I'll believe corporations are persons when Texas executes one.: LBJ's Ghost
Q: To what extent do Pastafarians need evidence to support their beliefs? What is considered valid evidence, and why are some religious ideas lacking evidence believed more widely than others? Why is Christianity more widely accepted than Pastafarianism?
A: For many religions, acceptance is due to the time it has been around and due to the number of people who already follow it. For potential followers it’s often less a consideration of evidence, and more a judgment that the collective group of followers is better informed. That millions or billions of people already follow this religion is strong social proof that there is something to it. The larger the group and the longer it has been around, the more pronounced the effect.
But nonbelievers are overreaching when they dismiss the phenomenon of religion as wrong and useless because it so often lacks a basis in evidence. The fact that millions of people get something positive out of a religion – even if it is based in superstition – *does* mean something. But that’s not to say it’s True, only that it has Value. For many people, religion is about being part of a community and being part of something bigger and more important than themselves.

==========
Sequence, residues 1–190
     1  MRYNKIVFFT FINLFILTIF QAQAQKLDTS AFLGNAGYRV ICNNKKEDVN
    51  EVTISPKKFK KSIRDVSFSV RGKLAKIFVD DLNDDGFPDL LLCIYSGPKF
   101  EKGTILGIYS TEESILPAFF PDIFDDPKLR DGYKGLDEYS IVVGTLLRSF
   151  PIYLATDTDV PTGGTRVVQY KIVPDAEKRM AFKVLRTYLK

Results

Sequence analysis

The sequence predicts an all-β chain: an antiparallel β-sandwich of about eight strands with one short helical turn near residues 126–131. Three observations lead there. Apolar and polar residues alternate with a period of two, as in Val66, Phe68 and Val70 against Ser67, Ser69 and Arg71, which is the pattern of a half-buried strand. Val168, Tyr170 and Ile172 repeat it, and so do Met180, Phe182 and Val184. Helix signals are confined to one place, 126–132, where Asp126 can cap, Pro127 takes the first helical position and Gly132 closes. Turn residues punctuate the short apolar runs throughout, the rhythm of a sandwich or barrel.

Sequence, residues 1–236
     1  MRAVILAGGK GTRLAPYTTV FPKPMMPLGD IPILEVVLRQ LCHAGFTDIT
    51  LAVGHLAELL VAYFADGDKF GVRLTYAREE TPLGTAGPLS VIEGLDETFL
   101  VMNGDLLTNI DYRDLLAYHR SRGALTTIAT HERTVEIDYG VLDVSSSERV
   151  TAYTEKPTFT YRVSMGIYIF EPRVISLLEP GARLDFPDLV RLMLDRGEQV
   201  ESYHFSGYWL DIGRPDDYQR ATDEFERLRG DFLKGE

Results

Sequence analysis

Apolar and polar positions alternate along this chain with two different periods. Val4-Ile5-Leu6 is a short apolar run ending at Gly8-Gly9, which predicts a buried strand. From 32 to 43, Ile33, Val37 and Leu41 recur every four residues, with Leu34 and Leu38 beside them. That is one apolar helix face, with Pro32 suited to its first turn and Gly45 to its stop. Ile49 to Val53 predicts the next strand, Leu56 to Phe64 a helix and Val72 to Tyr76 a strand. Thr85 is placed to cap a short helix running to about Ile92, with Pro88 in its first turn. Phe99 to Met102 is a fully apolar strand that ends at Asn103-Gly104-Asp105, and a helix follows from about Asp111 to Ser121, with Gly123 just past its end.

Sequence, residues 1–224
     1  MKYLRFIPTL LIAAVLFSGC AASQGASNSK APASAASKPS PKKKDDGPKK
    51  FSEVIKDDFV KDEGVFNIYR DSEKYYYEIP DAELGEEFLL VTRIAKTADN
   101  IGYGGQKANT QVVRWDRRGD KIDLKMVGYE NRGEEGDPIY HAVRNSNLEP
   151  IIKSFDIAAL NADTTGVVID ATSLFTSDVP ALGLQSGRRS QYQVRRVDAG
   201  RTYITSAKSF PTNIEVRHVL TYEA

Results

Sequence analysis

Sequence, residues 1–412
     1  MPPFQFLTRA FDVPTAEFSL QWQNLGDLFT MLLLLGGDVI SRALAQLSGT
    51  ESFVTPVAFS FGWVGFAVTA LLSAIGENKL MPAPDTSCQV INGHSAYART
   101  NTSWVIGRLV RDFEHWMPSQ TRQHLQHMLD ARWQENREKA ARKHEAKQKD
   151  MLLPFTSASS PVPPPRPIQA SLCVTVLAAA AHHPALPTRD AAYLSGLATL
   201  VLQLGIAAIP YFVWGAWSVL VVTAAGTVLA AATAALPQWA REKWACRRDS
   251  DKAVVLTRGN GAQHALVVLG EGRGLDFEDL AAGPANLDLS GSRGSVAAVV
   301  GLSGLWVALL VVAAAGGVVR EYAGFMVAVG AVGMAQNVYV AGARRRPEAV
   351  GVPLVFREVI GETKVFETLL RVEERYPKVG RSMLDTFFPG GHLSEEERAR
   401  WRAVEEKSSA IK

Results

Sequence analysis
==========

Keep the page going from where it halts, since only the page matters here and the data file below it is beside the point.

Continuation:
Nonbelievers would be better off criticizing only on the negative, damaging parts of religion, and being less judgmental about the idea of religion in general. Nonbelievers get hung up asking for evidence when really we should be looking at why does religion thrive despite evidence? We should be pushing the idea that faith is not equivalent to evidence-based-reasoning without insisting that it’s inferior, only that they are different ways of seeing the world. And that the problems happen when these world views clash.
Pastafarianism is different than most religions in that we explicitly make the point that our scripture need not be believed literally. In other religions this is known but not often said out loud (Many Christians don’t take the Bible literally but won’t volunteer this). Pastafarian scripture has some outlandish and sometimes contradictory components – and unlike the scripture of mainstream religion, these pieces were intentional and obvious, and our congregation is aware of this.